It’s been a rough couple of weeks at the SEC.
Firstly, things aren’t looking good for the SEC’s buybacks rule, which was kicked back to the Commission on October 31 by the Fifth Circuit Court of Appeals for immediate improvement. The SEC asked for an extension (denied) and has stayed the rule, but the remedy period expired on November 30.
Why it matters: The buybacks rule would have drastically increased the amount of required disclosure around stock repurchases. Since it does not seem that the SEC has corrected the deficiencies in the rule by the deadline, the Chamber of Commerce and other participants in the lawsuit regarding the rule can request that the rule be vacated entirely. In the meantime, the rule is not in effect, so companies can breathe a sigh of relief—for now.
Secondly, the SEC issued yet another set of Pay Versus Performance disclosure guidance that seems to reverse the most controversial provision of the last set. Many companies were confused by the retirement-eligibility provision in the earlier guidance, which stated that equity awards must be disclosed as vested as soon as the executive becomes eligible for retirement (even if they haven’t yet retired). This would mean that two executives (of different ages) with the same equity grant would appear to have been paid differently in a given year, since the retirement-eligible one would have their grant show as vested.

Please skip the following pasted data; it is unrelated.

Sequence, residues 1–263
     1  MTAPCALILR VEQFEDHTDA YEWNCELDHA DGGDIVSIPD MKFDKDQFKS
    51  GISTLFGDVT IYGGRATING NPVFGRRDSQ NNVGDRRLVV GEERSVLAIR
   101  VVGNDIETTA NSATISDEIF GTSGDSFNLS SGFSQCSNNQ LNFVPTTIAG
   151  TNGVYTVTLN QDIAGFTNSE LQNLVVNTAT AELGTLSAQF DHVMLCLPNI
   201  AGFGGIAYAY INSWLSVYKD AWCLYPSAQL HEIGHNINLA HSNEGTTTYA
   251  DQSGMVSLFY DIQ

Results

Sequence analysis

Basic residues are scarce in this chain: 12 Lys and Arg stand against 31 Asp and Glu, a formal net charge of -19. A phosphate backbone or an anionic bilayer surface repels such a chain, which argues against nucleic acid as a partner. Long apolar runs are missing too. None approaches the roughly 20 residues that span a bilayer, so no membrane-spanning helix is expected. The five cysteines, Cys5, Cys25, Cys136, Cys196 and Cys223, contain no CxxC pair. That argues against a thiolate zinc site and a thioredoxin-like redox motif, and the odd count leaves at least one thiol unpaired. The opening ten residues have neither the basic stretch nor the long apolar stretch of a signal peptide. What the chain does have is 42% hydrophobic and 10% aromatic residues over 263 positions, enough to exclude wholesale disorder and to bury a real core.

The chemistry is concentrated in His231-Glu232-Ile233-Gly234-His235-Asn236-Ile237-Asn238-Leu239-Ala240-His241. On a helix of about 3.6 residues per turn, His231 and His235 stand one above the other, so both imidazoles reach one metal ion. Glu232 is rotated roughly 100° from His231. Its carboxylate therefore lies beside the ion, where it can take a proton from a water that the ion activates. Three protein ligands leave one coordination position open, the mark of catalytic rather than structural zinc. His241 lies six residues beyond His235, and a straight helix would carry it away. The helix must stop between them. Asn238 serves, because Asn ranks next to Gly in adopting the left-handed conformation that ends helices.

What they’re saying: Now the SEC seems to be indicating that companies do NOT have to count equity as vested just because an executive is retirement-eligible. Instead, “other substantive conditions” must be considered in addition to retirement eligibility, allowing companies to value awards consistently regardless of whether an individual executive happens to be retirement-eligible. See this Equity Methods blog for a deep dive on this issue.